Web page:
The Hangover: The Bromance of Summer

We've all seen the damsel-in-distress movie before, but in The Hangover the damsel is a dude. The Hangover is a comedy about three guys who take their buddy Doug on a bachelor party to Vegas. When Doug disappears after a night of amnesia-inducing debauchery, it's up to his friends, like a squad of Prince Charmings, to rescue him. The Hangover is poised to be the sleeper comedy of the summer, thanks in no small part to gags involving a stripper's baby (and the stripper being played by Heather Graham), a missing tiger and Mike Tyson. The movie is probably even good enough, following a string of others like it, to allow us to officially declare that the bromance is the new romantic comedy.

The genre started with Judd Apatow's The 40-Year-Old Virgin and Knocked Up, followed closely by I Love You, Man, about a hapless guy who goes on a series of "man dates" to find a best man for his own wedding. (Considering that Paul Rudd appeared in all three of those movies, you might also say he's the bromance's Founding Brother.) Buddy comedies are nothing new, but the bromance shows us that straight guys, even without the aid of a high-speed car chase, can bond almost as strongly as heterosexual lovebirds. To succeed, a bromance must walk a fine line. It must lightly indulge in gay stereotypes, but never in a mean-spirited way. The bromance allows straight men to share their feelings—or, in Superbad, their sleeping-bag space—with their buddies without fear of ridicule by the audience. "When I saw I Love You, Man in theaters," says Todd Phillips, the director of The Hangover, "there's a part where [another actor] kisses Rudd, because he thinks they're on a romantic date. An audience 15 years ago would probably go—" He makes a loud disgusted sound. "But now they laugh and understand the comedy."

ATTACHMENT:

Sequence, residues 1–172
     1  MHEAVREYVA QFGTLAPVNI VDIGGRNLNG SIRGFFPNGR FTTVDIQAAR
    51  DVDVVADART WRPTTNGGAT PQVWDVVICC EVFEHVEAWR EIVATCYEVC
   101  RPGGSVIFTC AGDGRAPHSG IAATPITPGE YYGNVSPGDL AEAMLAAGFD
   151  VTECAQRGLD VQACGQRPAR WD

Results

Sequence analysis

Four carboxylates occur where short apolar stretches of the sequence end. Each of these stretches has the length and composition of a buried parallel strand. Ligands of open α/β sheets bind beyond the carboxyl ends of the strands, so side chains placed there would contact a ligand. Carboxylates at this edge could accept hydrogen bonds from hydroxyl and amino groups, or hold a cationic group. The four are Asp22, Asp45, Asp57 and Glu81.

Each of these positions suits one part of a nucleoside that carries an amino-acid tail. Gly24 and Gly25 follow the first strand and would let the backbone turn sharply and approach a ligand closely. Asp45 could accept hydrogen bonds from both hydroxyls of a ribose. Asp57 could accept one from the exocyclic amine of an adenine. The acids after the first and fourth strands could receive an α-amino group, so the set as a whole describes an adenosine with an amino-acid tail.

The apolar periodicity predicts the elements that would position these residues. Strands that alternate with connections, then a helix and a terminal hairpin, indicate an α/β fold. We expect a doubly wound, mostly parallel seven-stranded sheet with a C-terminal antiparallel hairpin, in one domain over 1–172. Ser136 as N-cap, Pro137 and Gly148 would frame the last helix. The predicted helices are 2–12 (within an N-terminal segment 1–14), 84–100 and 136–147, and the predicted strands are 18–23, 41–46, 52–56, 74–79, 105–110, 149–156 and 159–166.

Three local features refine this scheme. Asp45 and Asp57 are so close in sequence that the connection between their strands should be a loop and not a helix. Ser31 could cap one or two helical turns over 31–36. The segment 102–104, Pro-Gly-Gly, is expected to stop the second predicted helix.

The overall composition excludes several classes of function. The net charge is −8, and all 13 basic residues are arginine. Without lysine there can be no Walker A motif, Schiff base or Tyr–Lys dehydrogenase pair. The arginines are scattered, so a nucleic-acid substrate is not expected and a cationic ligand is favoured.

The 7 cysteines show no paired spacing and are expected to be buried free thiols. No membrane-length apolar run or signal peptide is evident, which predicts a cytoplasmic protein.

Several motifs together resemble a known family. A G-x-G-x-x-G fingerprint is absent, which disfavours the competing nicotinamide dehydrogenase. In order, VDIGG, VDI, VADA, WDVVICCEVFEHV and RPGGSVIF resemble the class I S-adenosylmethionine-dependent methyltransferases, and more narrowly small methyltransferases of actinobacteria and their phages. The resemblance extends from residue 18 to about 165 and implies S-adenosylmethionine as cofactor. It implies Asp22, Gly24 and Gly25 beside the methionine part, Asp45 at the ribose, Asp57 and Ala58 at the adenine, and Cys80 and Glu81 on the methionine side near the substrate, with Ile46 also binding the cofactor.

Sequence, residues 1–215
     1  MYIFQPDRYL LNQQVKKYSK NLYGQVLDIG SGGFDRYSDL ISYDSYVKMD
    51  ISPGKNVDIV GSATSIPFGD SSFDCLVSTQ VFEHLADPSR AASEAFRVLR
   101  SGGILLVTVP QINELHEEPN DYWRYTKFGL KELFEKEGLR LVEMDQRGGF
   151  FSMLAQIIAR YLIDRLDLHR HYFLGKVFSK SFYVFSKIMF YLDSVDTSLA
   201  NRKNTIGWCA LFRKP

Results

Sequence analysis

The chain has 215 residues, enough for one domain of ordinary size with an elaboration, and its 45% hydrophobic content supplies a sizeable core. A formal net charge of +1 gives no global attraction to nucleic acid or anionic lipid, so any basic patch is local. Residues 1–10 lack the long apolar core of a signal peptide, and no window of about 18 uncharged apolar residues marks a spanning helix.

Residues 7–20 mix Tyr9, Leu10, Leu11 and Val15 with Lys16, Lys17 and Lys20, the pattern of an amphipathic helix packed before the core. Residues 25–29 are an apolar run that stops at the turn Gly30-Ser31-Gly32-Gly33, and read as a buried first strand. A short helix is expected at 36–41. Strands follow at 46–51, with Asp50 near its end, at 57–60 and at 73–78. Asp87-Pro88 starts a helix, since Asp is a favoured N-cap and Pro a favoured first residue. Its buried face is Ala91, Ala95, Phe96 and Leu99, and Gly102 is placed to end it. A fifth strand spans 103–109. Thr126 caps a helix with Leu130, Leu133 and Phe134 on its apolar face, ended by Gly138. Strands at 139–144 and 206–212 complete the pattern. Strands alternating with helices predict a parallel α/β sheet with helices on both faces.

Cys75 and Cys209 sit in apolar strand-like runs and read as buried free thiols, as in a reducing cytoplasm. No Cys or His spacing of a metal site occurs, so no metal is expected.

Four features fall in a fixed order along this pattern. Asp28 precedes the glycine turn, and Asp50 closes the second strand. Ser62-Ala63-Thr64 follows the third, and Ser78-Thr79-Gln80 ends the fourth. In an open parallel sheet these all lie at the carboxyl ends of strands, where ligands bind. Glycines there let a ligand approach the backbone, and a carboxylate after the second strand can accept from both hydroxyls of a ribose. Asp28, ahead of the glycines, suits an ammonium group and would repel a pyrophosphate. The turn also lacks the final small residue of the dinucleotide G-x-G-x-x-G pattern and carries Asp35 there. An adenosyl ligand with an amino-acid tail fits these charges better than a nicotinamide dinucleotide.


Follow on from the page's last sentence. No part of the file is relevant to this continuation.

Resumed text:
OK, boys, let's see how open-minded you are about the next big bromance, Humpday, which opens in July. Humpday centers on straight guys Andrew and Ben, a modern-day Odd Couple, with an emphasis on the odd. At your quintessenial Seattle boho-slacker party, they get stoned and drunk and vow to make a porno movie—with each other. As a testament to their own open-mindedness, as well as to their no-holds-barred friendship, they resolve to go through with their plan even when they're sober. In other words, Humpday stretches the bromance to its most extreme, and arguably logical, conclusion. "In general," says the director, Lynn Shelton, "straight men are really invested in being assured they're straight. There seems to be anxiety about that. But I've seen these relationships in my life, men in love with each other, these man crushes. What does that mean?" It means that as long as you keep laughing, Hollywood is the new city of brotherly love.

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